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Judiciary Committee Launches New Session with Judicial Nominations

The Senate Judiciary Committee held its first hearing of the 113th Congress this morning, examining a full slate of judicial nominees. Because of the unprecedented obstruction of President Obama's judicial nominees over the past four years, he is the first president in decades who ended his first term with more vacancies than when it began. As Chairman Leahy has noted:

When we could have reduced vacancies below 60 at the end of last year, Senate Republicans balked and, instead, sent 15 nominees who had completed their hearings back to the White House without final action. President Obama is the first President in decades who ended his first term with more vacancies than when it began, and the first since Woodrow Wilson to complete a full first term without having a nominee to the D.C. Circuit confirmed. Throughout his first term judicial vacancies have been historically high for long periods. We need to do better. The Federal judiciary and the American people cannot afford another four years without real progress.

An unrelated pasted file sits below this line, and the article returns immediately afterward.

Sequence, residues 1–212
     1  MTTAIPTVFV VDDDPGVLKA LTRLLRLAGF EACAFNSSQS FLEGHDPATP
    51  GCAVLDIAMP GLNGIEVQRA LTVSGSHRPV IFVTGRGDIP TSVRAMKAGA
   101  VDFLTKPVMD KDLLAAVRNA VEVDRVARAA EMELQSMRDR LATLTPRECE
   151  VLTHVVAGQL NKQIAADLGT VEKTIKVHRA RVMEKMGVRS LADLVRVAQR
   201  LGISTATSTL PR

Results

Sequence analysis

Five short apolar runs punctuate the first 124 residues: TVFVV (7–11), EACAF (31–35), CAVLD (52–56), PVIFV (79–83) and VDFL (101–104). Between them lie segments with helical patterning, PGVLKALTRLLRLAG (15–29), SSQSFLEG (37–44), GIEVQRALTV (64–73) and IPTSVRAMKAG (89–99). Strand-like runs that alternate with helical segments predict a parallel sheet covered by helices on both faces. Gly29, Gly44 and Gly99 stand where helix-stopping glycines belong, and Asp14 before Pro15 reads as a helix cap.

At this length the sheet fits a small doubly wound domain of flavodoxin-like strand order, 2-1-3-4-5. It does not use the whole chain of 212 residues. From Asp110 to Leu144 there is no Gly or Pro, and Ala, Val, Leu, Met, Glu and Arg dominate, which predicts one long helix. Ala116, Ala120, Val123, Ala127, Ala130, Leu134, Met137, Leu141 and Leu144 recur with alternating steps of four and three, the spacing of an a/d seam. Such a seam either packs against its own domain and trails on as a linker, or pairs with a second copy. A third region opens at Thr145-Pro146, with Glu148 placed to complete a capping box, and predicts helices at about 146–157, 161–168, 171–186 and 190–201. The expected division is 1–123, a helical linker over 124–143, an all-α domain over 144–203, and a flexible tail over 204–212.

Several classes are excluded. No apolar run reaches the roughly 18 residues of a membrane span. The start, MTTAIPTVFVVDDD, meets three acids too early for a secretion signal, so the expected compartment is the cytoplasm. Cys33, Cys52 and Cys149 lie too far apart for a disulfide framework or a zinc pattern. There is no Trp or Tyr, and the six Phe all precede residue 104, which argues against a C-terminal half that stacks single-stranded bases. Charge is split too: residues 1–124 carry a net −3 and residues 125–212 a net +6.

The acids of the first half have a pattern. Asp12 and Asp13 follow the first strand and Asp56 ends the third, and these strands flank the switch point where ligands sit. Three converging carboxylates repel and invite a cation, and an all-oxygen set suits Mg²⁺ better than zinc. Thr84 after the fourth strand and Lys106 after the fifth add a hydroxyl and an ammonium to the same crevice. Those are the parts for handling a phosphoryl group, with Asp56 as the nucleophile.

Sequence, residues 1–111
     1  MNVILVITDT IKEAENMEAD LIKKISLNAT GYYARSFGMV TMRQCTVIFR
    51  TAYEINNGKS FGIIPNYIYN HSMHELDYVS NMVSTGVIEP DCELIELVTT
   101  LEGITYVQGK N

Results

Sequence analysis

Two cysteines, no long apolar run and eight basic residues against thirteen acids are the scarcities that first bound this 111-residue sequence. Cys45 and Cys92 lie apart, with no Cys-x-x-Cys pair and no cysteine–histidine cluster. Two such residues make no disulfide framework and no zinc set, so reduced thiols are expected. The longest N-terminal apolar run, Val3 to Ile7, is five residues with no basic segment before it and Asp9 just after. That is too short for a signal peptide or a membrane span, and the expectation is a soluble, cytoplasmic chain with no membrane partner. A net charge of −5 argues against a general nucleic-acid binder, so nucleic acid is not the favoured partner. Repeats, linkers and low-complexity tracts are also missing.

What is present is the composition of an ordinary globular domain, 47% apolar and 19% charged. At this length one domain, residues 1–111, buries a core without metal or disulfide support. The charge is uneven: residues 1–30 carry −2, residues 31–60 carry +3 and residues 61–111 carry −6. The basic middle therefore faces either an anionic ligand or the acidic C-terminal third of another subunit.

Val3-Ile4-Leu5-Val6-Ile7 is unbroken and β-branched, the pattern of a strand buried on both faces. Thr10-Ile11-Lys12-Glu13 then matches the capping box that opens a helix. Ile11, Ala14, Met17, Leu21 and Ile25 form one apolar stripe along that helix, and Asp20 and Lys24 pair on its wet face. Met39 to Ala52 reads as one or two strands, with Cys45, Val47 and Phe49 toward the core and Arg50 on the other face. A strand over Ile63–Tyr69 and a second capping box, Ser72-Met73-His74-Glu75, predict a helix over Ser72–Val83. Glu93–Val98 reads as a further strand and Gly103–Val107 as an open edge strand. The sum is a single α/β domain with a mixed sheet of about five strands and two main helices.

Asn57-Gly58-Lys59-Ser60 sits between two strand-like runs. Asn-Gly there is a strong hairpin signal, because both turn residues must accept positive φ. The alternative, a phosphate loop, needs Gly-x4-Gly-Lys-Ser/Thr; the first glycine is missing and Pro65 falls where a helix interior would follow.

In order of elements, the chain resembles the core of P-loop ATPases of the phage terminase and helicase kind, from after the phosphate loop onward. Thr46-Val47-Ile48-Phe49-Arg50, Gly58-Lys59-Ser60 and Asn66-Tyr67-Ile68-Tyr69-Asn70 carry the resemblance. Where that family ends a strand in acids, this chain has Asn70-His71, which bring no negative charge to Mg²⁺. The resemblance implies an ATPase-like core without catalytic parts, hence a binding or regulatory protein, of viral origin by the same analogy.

During the hearing, Delaware's Sen. Coons noted the historically high number of vacancies at the start of a second term, nearly three times the number of vacancies at a comparable time in the Bush Administration. Most of these are in district courts, which is where Americans turn to have their day in court even though the Supreme Court gets more public attention.

Connecticut's Sen. Blumenthal noted that many highly qualified individuals are dissuaded from serving the public on the federal bench because what was once a relatively quick and simple confirmation process has been turned into a “marathon” by Senate Republicans.

What these and other leading Democrats recognize is that the needless obstruction of judicial nominees harms the entire country. It is imperative that today's five and all the other pending nominees move promptly through the Senate for confirmation.

Will Senate Republicans continue their first-term policy of obstructing highly every qualified nominee, no matter what? Will they continue to block votes on non-controversial circuit court nominees like Patty Shwartz (eligible for a floor vote since March), Richard Taranto (also blocked since March), William Kayatta (blocked beginning in April), and Robert Bacharach (blocked since June)? Will they continue to demand delays in committee votes for every nominee without reason? Will they continue to include even consensus district court nominations as pawns in their war against all things Obama? We'll have our answer soon.